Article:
Bret: "Youíve been acting a bit weird lately. Youíre annoyed."
Jemaine: (sarcastically) "Do you really think so?"
The content of the statement "Do you really think so?" functions to ask Bret if he truly thinks that Jemaine is annoyed; however, the relational aspect is presented through the sarcasm in Jemaineís voice when he asks the question. This sarcasm implies that the relationship between the two boys is currently at a point of distain, and that Jemaine is not pleased or happy with Bret at this moment, so his communication has a separate relational aspect to keep the interaction fixed in a negative position.
The third axiom states that "the nature of a relationship is contingent upon the punctuation of the communicational sequences between communicants" (Watzlawick, et al., 1967). This explains how interactions become patterns of dichotomies over time as people react and respond to each otherís behavior. According to Watzlawick, et al. (1967) the way in which each person punctuates their own pattern of interaction becomes a source for blame, and they continue to refer to each other's pattern as the catalyst for relational conflict. The chapter displays an example of this behavior with marital couples behaving in a "nag/withdrawal" pattern. Often times a husband withdraws and doesnít talk about his problems with his wife because he feels scrutinized and wants space, while the wife continues to nag incessantly for the husband to talk to her because she feels excluded from the relationship. In this example, each side labels the other as the source of the relational problem, leaving no room for accountability and thus, little ability to metacommunicate and attempt to solve the conflict. This can be seen in Flight of the Conchords during an altercation between Bret and Murray. Murray is having a difficult time finding gigs for the band, so in order to make money, Bret is forced to get a second job. After obtaining a job, Murray finally books the band a gig that Bret now cannot come to as he has to work at his second job.
Bret: "When is the gig"
Murray: "Thursday at 3:00pm"
Bret: "No I canít go, Iíve got work."
Murray: "Whatís more important? The band or your job?"
Bret: "Yeah well, I got the job because we didnít have any gigs."
Murray: "Well how can I give you a gig if youíve got this job?"
Bret: "Yeah, but thatís why I got the job. Because there were no gigs."
Murray: "Well I canít get you a gig if youíre going to always go and do a job."
Bret claims that he got the job in a response to the fact that Murray could not get his band any gigs, and he needed money to survive, so he blames Murray for not being able to play the show. Murray, however, blames Bret for not playing the show because he has a job that interferes with his band's schedule. Each character punctuates his communication as a response to that of the other, creating a system of blame that does nothing but further the conflict.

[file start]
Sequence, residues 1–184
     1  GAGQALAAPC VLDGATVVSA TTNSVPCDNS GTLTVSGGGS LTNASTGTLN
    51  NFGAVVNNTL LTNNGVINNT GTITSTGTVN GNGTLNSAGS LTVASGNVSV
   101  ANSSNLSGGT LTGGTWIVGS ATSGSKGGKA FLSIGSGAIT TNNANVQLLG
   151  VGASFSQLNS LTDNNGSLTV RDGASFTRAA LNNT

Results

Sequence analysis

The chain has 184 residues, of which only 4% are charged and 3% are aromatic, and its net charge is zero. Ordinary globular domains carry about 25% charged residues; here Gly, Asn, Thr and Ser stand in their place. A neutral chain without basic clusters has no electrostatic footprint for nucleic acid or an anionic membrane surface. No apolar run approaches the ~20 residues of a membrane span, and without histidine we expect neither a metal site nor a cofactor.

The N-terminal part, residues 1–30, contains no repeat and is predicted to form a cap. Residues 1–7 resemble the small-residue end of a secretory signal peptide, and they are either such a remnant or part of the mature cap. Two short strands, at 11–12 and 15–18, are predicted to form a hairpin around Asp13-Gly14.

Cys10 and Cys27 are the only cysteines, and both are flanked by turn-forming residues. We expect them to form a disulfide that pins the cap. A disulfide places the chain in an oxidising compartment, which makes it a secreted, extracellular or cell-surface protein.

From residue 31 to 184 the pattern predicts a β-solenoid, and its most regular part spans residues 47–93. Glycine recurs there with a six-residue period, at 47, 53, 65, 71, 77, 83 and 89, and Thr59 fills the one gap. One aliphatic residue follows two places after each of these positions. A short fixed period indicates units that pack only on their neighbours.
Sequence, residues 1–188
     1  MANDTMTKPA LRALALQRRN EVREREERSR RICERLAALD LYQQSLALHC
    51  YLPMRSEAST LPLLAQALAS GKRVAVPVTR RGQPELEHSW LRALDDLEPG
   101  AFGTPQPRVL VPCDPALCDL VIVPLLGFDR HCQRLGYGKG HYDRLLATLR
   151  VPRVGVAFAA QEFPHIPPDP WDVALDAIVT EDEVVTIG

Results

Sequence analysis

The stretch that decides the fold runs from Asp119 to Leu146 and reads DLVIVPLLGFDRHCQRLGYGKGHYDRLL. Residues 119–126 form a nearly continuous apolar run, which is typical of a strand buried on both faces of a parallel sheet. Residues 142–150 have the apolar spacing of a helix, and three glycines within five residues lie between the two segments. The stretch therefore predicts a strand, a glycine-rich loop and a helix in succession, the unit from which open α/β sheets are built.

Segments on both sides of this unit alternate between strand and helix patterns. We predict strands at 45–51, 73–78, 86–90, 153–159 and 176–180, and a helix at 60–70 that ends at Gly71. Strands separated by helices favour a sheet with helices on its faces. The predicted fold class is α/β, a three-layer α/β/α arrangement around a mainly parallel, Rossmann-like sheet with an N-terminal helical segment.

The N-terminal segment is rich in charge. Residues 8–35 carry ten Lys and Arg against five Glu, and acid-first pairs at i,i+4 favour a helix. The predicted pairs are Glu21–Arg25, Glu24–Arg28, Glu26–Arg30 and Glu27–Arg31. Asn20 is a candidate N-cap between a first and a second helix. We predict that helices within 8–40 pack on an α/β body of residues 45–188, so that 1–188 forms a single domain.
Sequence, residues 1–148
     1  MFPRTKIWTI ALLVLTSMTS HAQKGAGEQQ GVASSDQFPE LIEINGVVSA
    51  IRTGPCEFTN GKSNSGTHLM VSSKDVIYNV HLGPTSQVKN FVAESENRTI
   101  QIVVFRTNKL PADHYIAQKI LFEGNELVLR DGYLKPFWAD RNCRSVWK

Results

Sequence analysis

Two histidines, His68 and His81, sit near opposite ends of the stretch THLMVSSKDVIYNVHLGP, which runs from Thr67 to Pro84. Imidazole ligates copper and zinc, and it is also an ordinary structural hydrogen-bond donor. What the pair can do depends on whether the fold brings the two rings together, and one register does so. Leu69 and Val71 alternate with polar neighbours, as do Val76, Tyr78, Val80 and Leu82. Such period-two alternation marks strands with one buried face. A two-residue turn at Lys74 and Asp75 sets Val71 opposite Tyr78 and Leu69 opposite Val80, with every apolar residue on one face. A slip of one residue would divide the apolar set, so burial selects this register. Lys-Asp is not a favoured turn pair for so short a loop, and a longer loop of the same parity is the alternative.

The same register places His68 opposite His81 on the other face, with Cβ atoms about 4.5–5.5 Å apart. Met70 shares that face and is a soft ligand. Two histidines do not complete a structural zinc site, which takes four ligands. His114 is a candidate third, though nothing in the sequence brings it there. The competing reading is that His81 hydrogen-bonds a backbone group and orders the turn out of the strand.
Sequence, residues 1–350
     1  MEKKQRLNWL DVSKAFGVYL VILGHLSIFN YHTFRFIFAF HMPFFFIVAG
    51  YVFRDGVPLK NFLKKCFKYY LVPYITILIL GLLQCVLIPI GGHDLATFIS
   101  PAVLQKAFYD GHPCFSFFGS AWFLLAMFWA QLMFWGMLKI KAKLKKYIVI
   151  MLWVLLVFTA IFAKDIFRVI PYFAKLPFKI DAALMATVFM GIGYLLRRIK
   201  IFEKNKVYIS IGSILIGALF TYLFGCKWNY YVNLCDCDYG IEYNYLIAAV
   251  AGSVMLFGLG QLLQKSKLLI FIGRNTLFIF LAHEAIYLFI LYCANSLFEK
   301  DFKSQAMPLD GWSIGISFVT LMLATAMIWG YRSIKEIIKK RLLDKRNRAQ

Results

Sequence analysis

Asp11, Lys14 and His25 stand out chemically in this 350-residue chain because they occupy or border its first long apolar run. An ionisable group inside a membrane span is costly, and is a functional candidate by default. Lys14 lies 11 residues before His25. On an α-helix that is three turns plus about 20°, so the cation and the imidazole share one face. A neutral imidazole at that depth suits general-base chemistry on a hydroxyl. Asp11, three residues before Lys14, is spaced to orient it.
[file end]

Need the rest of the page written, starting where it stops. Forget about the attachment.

The fourth axiom states that "human beings communicate both digitally and analogically" (Watzlawick, et al., 1967). This axiom posits that humans communicate using both digital codes (represented by naming) or analogical codes (represented by relation, likeness, or similarity). Thus, a digital code of communication is expressed directly by naming the content in the message one is sending. For example, when one says "I am angry" they are naming the fact that they are angry (Craig, 2008). Analogical codes, however, are expressed by a "self-explanatory likeness" (Watzlawick, et al., 1967) of what is being portrayed in the message. An example of this would be screaming and slamming a fist down. This represents anger and is known to be a sign associated with anger. This two leveled side to communication allows for contrary messages to be sent out, where a person can say one thing digitally, but act out another analogically (Watzlawick, et al., 1967). An example of this contradiction would be screaming "Iím not mad" while pounding down a fist. This axiom is illustrated in Flight of the Conchords during conversation between Murray and Jemaine where they are discussing how Bret has asked Jemaine not to come on his dates with his girlfriend anymore.
Murray: "Are you ok? Are your feelings hurt?"
Jemaine: (looking down, speaks softly) "Öno. Iím not sad."
Murray: "A little bit? Yeah, a little bit."
While Jemaine communicated digitally with Murray by saying that he was not sad, he was also using analogical codes that portrayed a contradicting message. With his pouted face, eyes looking down to the ground, and soft distant voice, he was showing a likeness to being sad analogically. Thus, his digital and analogical codes did not match, causing a pattern of unsuccessful communication.
The fifth and last axiom states that "all communicational interchanges are either symmetrical or complimentary" (Watzlawick, et al., 1967). Symmetrical relationships are based on equality, where the interactants mirror each other's behavior and behave similarly, while complimentary relationships are based on unequal amounts of power between interactants with one person taking the "dominant" role and the other taking on the "submissive" role. These relationships operate on fixed positions within the interaction, causing change in the relationship to be very difficult. Often times, symmetrical relationships can escalate to a competitive nature as the behaviors are similar and fixed in a pattern of interaction. This can be illustrated in Flight of the Conchords during an interaction between Bret and Jemaine while they both continue to pursue the same girl. Bret and Jemaine continue to compete over her affection by writing songs and buying gifts, but since the two are in symmetrical roles, no progress is made and the tensions between the men escalate to a point of conflict where they insult each other and sabotage each other's gifts. Murray, their manager, takes on a complimentary role with the boys, and acts as a mentor to them, encouraging them to settle down and remember their friendship.